Annual Conference: Communicating Process Architectures
Communicating Process Architectures 2017,
the 39th. WoTUG conference on concurrent and parallel systems, takes place from
Sunday August 20th. to Wednesday August 23rd. 2017 and is hosted by
Kevin Vella, Head of Department in
at the University of Malta.
Conference sessions will take place at the
Victoria Hotel in Sliema, Malta.
WoTUG provides a forum for the discussion and promotion of concurrency ideas,
tools and products in computer science.
It organises specialist workshops and annual conferences that address
key concurrency issues at all levels of software and hardware granularity.
WoTUG aims to progress the leading state of the art in:
and to stimulate discussion and ideas on the roles concurrency will play in the future:
theory (programming models, process algebra, semantics, ...);
practice (multicore processors and run-times, clusters, clouds, libraries, languages, verification, model checking, ...);
education (at school, undergraduate and postgraduate levels, ...);
applications (complex systems, modelling, supercomputing, embedded systems, robotics, games, e-commerce, ...);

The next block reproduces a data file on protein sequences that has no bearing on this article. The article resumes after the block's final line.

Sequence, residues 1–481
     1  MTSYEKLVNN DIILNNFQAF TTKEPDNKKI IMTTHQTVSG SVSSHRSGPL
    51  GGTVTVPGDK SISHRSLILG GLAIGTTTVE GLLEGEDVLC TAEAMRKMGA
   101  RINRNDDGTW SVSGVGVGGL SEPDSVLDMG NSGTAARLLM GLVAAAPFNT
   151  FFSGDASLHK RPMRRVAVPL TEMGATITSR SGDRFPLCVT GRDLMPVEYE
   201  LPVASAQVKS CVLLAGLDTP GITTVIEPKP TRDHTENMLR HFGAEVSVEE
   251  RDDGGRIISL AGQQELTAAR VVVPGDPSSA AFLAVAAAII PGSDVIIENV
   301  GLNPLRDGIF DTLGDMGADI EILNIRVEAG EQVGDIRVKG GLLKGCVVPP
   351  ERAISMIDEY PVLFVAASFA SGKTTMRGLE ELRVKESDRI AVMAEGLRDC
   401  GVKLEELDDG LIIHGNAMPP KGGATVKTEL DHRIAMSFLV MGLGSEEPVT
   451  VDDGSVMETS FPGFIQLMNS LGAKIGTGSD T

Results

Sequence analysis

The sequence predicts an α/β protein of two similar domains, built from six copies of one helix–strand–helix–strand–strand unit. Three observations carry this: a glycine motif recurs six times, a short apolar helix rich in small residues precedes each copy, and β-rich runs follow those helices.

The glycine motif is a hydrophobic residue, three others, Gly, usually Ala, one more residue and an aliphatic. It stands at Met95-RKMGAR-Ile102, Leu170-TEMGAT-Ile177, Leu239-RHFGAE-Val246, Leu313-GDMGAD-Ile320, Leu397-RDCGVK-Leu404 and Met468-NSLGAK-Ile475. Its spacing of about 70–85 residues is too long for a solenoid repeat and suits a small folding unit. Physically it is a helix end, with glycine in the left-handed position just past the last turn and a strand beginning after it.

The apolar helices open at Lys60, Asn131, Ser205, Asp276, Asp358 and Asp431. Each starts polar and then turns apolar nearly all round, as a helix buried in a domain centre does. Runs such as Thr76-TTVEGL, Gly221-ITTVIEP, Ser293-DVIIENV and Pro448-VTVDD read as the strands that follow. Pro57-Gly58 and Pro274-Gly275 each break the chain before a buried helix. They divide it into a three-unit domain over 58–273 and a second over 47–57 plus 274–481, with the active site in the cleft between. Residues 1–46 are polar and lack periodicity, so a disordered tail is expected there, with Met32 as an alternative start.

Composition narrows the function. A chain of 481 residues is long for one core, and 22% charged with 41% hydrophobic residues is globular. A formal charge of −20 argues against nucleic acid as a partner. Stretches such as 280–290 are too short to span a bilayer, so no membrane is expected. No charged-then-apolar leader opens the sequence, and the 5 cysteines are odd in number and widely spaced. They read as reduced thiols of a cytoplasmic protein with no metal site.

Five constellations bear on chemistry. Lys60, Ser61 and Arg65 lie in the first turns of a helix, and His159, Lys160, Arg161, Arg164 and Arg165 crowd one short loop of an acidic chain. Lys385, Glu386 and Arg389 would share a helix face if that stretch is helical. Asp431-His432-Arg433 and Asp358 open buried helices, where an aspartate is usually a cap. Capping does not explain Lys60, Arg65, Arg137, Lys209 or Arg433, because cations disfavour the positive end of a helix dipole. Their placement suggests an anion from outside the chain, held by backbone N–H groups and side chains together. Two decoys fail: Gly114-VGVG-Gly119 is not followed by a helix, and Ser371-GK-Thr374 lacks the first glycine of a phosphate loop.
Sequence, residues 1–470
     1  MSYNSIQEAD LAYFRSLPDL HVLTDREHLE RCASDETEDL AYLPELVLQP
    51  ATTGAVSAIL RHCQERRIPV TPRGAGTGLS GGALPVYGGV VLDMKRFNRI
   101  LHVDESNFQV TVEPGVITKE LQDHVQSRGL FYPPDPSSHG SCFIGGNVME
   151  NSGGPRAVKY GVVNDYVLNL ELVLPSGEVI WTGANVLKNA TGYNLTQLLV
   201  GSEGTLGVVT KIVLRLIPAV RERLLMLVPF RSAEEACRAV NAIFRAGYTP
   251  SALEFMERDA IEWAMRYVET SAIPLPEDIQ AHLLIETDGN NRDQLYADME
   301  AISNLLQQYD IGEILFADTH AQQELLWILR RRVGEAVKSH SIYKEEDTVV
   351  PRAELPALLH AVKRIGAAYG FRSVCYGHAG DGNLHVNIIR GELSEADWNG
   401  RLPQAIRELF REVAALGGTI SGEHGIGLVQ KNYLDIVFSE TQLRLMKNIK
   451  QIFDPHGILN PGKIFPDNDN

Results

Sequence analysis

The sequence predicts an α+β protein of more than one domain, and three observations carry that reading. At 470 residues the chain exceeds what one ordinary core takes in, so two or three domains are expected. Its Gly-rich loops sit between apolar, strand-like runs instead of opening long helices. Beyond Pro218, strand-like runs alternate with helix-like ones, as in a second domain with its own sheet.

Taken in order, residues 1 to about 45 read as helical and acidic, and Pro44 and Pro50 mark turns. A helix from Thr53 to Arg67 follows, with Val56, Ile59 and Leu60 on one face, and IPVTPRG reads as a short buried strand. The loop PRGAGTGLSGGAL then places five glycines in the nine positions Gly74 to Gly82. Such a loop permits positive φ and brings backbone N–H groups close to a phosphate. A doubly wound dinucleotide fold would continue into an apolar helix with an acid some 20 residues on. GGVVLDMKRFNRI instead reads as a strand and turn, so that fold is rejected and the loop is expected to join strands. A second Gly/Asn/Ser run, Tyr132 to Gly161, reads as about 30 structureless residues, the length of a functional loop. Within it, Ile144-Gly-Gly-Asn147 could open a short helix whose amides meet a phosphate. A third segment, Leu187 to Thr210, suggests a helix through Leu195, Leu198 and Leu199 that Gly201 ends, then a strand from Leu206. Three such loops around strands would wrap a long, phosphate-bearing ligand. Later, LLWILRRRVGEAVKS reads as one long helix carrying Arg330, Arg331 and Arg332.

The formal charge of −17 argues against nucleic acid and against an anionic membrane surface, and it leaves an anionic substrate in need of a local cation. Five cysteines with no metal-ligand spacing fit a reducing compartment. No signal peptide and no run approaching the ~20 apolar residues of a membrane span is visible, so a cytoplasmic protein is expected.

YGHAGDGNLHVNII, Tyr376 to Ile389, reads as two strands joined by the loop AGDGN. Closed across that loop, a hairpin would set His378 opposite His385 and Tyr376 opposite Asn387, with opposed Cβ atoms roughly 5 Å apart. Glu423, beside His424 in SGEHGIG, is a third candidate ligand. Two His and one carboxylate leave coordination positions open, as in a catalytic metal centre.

Of course, neither of the above sets of bullets are exclusive.
for the next generation of scalable computer infrastructure (hard and soft) and application,
where scaling means the ability to ramp up functionality (stay in control as complexity increases)
as well as physical metrics (such as absolute performance and response times);
for system integrity (dependability, security, safety, liveness, ...);
for making things simple.
A database of papers and presentations from WoTUG conferences is here.
The Abstract below has been randomly selected from this database.
Real-time and fault tolerance in distributed control software
Closed loop control systems typically contain multitude of spatially distributed sensors and actuators operated simultaneously. So those systems are parallel and distributed in their essence. But mapping this parallelism onto the given distributed hardware architecture, brings in some additional requirements: safe multithreading, optimal process allocation, real-time scheduling of bus and network resources. Nowadays, fault tolerance methods and fast even online reconfiguration are becoming increasingly important. All those often conflicting requirements, make design and implementation of real-time distributed control systems an extremely difficult task, that requires substantial knowledge in several areas of control and computer science. Although many design methods have been proposed so far, none of them had succeeded to cover all important aspects of the problem at hand.  Continuous increase of production in embedded market, makes a simple and natural design methodology for real-time systems needed more then ever.